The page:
The most direct precedent on this question arose in 1877, following serious allegations of fraud and illegal conduct in the Hayes-Tilden presidential race. Specifically, the elections in three states—Florida, Louisiana, and South Carolina—were alleged to have been conducted illegally. In 1877, Congress did not ignore those allegations, nor did the media simply dismiss those raising them as radicals trying to undermine democracy. Instead, Congress appointed an Electoral Commission—consisting of five Senators, five House Members, and five Supreme Court Justices— to consider and resolve the disputed returns. We should follow that precedent.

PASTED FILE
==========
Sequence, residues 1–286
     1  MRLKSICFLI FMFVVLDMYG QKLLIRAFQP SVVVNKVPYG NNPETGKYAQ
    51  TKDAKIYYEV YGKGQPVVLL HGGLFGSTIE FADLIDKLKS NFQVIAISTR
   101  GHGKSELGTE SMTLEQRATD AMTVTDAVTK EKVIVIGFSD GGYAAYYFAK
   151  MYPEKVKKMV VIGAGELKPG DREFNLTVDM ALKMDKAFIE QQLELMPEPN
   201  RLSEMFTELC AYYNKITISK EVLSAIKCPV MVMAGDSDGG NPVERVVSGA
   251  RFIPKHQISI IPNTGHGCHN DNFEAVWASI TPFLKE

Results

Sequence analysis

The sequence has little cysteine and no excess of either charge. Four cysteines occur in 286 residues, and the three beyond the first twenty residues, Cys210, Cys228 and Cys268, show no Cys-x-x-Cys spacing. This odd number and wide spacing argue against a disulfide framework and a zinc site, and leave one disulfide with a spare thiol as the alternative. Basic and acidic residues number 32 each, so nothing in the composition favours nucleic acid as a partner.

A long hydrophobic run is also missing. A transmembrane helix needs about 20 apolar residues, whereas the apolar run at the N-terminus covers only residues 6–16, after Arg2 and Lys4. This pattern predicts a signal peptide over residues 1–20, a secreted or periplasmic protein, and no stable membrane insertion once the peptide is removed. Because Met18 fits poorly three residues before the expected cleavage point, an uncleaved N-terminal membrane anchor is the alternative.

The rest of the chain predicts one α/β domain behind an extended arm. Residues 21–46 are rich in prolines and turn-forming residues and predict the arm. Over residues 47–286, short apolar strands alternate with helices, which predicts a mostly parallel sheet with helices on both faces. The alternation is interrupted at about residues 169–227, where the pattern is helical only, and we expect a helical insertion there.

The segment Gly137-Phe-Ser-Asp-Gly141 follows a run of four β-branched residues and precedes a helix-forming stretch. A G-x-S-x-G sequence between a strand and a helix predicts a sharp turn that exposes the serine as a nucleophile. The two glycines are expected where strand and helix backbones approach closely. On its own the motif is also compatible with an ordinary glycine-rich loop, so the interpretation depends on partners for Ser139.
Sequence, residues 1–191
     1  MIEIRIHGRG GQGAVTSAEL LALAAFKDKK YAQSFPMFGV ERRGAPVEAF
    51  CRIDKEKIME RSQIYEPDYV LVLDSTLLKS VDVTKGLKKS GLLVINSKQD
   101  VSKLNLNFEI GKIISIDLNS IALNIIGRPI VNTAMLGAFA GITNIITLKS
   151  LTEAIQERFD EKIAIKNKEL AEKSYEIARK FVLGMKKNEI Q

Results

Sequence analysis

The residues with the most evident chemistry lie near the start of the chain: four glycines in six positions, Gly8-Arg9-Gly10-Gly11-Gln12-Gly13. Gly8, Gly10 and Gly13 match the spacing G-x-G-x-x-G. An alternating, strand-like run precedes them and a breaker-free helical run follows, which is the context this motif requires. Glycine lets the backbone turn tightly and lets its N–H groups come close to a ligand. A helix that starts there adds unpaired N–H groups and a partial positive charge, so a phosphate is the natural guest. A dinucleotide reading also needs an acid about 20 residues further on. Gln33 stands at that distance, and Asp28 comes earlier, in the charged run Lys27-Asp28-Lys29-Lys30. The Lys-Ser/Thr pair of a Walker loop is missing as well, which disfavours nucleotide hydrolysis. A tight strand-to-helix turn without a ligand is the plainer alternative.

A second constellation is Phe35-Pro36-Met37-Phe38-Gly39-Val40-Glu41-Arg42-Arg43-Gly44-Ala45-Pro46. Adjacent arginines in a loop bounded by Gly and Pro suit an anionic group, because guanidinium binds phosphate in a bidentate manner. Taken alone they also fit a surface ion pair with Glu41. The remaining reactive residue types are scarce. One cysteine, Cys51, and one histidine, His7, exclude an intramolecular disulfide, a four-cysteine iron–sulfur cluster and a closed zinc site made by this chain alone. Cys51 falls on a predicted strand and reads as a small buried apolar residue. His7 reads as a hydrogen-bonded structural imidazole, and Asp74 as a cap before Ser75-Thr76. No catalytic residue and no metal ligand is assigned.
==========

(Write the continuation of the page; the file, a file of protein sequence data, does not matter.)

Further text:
It is worth noting what’s left out of the description of the election that Cruz et al. invoke as precedent: the messier details of the election of 1876. Specifically, the close race between Democratic candidate Samuel J. Tilden and Republican candidate Rutherford B. Hayes was punctuated by bloodshed in South Carolina and claims of Democratic party intimidation and bribery of African-American voters in Florida, Louisiana, and South Carolina. The resultant election dispute was convoluted and intense enough for Congress to establish the electoral commission in January 1877.

Illustration showing the electoral commission holding a closed-door meeting by candlelight on February 16, 1877. (Library of Congress)